Throughout World Travel Market the talk of the town has been tour operators’ liability after the regrettable “Corfu Tragedy”. Some of the main travel consortia and large agencies have indicated that from January they will require UK bed banks to supply overseas holiday accommodation as a principal and not an agent or broker for an overseas supplier. The rationale behind this is mitigating potential liability in the event of death or injury.
The retail agent does not want to be faced with having to pursue a potential claim against an overseas accommodation provider, despite the assistance of the UK sales agent/representative. If that UK accommodation supplier is not a principal, they will look elsewhere for their supply.
At first glance it does appear that the consortia/agency have the needs of their members and the consumer uppermost in their minds. However, is this really the case? The reason bed banks act as an agent for the overseas supplier is to mitigate TOMS VAT. Therefore if they have to revert to being a principal then there is little doubt that EC destinations will be more expensive to the agent and consumer by about 15% due to the uplift in VAT payable by the bed bank. Additionally, has the consumer really been taken into account in this matter? After all, the hotelier carries responsibility with regards to the care of their customer while staying at the hotel and should have appropriate insurances. Does therefore adding further responsibility to a principal UK accommodation supplier provide more protection? One supposes it would be easier to sue a UK company in the event of a claim rather than an overseas supplier. But the real issue surely rests with the agent and/or its consortia. Dynamic packaging is now the by-word amongst most agents, who now, after ABTA’s recent Appeal victory, can lawfully sell a dynamic package by “splitting” the holiday into components, selling the flight, accommodation and other facilities (such as transfers) separately as a retail agent albeit for a total but not inclusive price. Who covers the consumer between the facilitation of each component? Who covers the consumer if he/she is badly injured between the airport and the transfer or between the transfer and the hotel entrance? You cannot have your cake and eat it too!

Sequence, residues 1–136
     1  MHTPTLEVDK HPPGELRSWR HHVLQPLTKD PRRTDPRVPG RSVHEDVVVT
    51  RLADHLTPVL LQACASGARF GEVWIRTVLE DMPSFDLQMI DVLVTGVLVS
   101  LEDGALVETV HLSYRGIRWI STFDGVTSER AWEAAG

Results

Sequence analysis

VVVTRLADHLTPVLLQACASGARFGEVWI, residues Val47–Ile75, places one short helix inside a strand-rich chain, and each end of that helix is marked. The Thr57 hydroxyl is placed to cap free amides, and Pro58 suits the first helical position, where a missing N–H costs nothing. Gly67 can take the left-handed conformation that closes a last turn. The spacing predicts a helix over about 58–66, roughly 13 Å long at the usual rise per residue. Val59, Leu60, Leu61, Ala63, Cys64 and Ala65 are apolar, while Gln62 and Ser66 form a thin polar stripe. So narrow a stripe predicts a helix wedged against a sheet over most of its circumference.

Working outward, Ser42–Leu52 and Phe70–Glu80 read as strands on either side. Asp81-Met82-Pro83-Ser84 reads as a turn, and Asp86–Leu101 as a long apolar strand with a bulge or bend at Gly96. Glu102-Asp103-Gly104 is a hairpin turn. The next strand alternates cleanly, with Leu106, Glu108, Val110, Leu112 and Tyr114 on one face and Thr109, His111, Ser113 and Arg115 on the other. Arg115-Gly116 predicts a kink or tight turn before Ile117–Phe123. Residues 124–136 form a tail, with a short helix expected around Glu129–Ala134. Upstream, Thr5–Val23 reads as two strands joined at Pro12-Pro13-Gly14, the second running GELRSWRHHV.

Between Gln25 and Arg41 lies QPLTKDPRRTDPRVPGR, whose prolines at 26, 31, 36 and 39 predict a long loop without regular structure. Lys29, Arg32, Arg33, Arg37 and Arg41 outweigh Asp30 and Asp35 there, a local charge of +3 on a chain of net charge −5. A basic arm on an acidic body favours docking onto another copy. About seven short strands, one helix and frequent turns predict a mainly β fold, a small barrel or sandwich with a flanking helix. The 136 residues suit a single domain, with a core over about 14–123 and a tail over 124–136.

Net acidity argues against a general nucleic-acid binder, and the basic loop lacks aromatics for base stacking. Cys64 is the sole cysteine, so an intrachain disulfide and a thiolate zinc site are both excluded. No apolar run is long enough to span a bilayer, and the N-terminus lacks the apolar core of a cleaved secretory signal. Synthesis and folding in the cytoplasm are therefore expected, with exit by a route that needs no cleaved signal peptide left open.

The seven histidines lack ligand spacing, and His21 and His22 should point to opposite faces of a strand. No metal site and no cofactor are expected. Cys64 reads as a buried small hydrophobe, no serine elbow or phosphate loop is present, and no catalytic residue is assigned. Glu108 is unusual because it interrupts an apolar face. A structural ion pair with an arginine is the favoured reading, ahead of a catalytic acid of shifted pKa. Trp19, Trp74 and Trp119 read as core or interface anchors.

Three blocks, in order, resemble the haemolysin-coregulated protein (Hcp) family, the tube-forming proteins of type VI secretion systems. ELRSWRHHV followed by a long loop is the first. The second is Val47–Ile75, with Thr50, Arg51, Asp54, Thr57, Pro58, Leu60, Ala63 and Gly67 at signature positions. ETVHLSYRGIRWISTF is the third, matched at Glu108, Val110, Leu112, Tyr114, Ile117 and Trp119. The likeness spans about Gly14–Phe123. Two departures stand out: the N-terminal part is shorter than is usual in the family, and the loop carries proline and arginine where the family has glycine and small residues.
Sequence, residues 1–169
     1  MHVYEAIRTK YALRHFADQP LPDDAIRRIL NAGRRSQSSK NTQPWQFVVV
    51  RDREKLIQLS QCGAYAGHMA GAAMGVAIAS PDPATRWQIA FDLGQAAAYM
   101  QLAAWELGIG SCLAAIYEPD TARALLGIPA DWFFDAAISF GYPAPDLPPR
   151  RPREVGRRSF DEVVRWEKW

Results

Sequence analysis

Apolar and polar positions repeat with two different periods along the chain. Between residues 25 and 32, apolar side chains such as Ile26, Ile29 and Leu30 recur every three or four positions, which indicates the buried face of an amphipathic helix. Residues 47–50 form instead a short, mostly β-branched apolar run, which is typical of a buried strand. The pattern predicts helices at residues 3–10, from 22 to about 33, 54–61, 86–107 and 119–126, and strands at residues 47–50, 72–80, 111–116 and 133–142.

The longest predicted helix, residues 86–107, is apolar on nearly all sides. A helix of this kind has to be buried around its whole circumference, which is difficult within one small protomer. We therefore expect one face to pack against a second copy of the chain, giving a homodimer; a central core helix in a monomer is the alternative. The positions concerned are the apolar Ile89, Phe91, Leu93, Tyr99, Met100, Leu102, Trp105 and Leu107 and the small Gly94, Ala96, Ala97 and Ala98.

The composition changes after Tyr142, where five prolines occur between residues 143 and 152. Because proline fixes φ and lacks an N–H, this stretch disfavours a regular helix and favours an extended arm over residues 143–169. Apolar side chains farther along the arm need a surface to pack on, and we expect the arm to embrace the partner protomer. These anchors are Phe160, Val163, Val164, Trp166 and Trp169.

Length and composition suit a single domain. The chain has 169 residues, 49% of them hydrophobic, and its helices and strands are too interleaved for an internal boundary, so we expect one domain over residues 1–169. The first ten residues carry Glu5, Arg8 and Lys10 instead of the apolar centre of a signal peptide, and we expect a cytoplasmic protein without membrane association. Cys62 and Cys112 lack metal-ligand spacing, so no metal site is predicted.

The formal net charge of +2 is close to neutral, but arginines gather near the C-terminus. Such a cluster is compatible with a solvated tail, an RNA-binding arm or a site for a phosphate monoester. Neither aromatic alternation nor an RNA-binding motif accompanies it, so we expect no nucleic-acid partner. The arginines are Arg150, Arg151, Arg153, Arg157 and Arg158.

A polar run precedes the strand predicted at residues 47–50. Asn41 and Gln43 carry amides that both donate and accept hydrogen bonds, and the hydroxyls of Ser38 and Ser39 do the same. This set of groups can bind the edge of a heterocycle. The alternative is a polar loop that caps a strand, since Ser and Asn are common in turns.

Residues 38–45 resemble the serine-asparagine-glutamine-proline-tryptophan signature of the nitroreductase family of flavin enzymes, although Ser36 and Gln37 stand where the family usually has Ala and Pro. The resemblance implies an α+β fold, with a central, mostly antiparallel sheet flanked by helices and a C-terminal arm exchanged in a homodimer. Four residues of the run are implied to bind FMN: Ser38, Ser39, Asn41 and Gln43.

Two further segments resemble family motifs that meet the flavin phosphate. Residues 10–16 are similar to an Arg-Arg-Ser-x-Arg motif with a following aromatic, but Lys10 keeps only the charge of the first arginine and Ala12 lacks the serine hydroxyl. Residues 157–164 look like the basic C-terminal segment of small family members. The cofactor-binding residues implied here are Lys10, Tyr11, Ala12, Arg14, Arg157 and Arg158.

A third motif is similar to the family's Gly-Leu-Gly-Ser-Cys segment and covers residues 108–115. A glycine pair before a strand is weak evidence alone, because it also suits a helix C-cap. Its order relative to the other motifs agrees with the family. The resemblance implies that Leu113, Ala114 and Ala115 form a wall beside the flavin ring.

Todd Carpenter, the CEO of the TTA has been a lone voice in his repeated warnings that ABTA’s recent Appeal victory and surfeit of dynamic packaging by agents will end in tears when a liability claim is heard in a UK Court. The bed bank being a principal will not solve this problem.
In summary, by pushing the bed banks to become principals rather than agents will increase the price of an EC holiday bed and will give little more protection than is already in place. Rather agents should be looking to their consortia to give them clear and concise advice on potentially where consumer liability sits. My advice is to talk very carefully to your insurance broker and ensure that your Tour Operators & Travel Agents Liability cover is carefully reviewed to insure against every eventuality. Making the bed bank a principal does not solve this problem for an agent selling dynamic packaging components but it does push up the price!